Wednesday, October 10, 2012

Risk benefit assessments needed for H5N1 Bird Flu research

Risk benefit assessments needed before H5N1 Bird Flu experiments continue.

Approximately 9 months ago, a voluntary moratorium on Bird Flu research went into effect to allow scientists time to figure out how to conduct research without the findings falling into the hands of terrorists or others who might create bio-terrorism strains.

Right now, H5N1 ("Bird Flu") rarely is transmitted to humans; when it does, it is often times fatal.  So, studying the potential for mutations of this strain are reasonable, with the goal of developing ways to protect the public.  But, creating dangerous mutations in the lab raises the specter of potential accidental releases of the mutations.  And publishing research on these mutations also poses a potential risk in making it easier for terrorists to create their own mutations.

The LA Times reports that key players in the debate have weighed in.  But, things are currently at a standstill. 

Our take:

While it is important that research continue, reasonable steps should be taken to protect the public. 

Perhaps a registry of influenza scientists can be created, with only authorized scientists given access to the most risky information.  More general information (minus dangerous details) can be made available to the public on the findings of the research. 

While it may seem anti-democratic to guard scientific knowledge, we see this as no different than withholding information on “how to build a bomb.”   Sharing scientific knowledge is important and one of the best ways to quickly find solutions.  But, true influenza researchers should have no problem with safeguarding the public while at the same time sharing key data with only those who are working to find answers to this complex challenge.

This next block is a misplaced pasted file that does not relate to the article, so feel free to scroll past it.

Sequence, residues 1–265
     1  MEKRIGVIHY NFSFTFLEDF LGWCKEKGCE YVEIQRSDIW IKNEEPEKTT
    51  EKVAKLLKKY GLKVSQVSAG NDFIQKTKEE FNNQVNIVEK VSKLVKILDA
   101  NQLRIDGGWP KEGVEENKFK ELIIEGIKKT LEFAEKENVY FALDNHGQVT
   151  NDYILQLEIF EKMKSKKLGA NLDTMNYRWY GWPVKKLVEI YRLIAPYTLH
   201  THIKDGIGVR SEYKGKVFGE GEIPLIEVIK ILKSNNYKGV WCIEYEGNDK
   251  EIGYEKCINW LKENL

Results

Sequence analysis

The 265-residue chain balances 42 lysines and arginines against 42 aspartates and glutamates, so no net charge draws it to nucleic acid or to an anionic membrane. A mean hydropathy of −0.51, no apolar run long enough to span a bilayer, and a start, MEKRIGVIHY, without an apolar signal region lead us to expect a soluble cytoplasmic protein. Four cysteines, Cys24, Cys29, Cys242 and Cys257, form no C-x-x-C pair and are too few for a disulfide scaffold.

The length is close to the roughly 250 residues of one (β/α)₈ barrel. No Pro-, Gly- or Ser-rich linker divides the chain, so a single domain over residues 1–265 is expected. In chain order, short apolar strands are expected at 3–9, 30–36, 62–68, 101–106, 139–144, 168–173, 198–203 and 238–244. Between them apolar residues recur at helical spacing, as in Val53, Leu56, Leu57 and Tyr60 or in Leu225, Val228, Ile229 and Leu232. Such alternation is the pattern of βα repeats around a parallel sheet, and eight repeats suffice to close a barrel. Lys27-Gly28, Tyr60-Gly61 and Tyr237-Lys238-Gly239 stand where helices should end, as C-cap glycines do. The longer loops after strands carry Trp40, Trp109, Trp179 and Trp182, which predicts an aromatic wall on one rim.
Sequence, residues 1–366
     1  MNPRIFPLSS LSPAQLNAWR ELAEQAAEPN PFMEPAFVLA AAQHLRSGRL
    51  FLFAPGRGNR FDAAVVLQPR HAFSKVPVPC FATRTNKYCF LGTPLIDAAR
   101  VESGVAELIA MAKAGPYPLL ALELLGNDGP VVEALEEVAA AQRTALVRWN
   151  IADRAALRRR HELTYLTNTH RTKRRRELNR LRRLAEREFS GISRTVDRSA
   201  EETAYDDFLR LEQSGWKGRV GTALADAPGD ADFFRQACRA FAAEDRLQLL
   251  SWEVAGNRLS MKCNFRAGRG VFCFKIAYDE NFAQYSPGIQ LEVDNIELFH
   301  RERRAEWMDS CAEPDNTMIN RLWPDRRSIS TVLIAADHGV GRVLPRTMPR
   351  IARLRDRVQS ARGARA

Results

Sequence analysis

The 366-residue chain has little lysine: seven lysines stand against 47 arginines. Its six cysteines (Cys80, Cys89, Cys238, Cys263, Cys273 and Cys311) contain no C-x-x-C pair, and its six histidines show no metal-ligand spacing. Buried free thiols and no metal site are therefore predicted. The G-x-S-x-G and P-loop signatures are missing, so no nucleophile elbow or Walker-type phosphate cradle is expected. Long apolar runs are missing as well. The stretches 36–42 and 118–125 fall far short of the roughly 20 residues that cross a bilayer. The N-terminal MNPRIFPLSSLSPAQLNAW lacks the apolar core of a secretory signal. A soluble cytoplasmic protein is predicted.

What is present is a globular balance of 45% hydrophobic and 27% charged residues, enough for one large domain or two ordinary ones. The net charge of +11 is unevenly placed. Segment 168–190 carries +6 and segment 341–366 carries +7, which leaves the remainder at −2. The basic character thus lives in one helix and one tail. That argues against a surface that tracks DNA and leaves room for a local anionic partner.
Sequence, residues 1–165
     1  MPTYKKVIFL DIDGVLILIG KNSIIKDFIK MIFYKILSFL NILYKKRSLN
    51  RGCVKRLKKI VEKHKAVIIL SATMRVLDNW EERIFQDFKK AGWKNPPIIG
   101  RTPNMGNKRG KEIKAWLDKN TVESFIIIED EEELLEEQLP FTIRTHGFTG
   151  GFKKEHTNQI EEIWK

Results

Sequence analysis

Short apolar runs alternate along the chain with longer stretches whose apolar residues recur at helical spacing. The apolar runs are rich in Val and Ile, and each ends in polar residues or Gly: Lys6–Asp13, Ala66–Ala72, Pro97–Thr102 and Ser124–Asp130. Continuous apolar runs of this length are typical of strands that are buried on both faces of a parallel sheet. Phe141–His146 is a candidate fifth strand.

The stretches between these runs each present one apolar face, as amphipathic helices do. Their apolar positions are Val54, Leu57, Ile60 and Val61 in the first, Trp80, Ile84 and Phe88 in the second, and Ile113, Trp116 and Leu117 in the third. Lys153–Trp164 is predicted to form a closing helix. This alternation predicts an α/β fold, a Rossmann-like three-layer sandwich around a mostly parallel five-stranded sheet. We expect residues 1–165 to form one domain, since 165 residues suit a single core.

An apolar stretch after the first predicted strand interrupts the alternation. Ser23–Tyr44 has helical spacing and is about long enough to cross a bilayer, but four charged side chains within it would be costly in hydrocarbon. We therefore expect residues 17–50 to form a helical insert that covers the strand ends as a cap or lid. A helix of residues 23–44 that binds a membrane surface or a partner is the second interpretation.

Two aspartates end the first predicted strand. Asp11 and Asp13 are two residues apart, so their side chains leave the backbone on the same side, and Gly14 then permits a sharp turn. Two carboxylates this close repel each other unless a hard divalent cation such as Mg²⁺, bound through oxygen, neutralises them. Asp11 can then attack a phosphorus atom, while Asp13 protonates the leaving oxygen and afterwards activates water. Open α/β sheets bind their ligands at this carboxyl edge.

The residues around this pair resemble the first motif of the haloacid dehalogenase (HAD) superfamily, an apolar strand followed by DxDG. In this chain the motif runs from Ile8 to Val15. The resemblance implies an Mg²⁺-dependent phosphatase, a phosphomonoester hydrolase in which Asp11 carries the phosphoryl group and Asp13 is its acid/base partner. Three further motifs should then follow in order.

Friday, October 5, 2012

Swine flu rears its ugly little head under the radar.

Pigs on the loose and under the radar. 

A woman in Ohio dies after exposure to a pig at an agricultural fair…   Pigs in Korea carry H1N2.

An article in New Scientist provides a worrisome look at the potential for the global resurgence of Swine Flu (H1N2). 

Author Debora MacKenzie points to examples from Korea to Ohio to show the dangers of this strain of the flu. MacKenzie describes how Robert Webster, of St. Jude Children's Research Hospital, placed "H1N2 flu virus, from the lungs of a pig slaughtered in South Korea in 2009, into the noses and windpipes of three ferrets. " The ferrets perished.  This is a cause for concern as ferrets process influenza in much the same way as humans.
Of the experts contacted by New Scientist, all agreed that further research is needed to find out what mutations will make the Swine Flu dangerous to humans. 

Thursday, October 4, 2012

CDC report shows flu virtually nonexistent in the US

The weekly influenza surveillance report prepared by the Influenza Division of the CDC shows that influenza ("the flu") is virtually non-existent in the United States.

Influenza A (H1) has zero reported cases.  A (H3)  shows 21 cases with  2009 H1N1 at 2 cases.

There were 31 cases of Influenza A where sub-typing was not performed.  There were 102 cases of Influenza B reported and 7 cases of H3N2v.

Given the population of the United States (312.8 million), these numbers are statistically insignificant.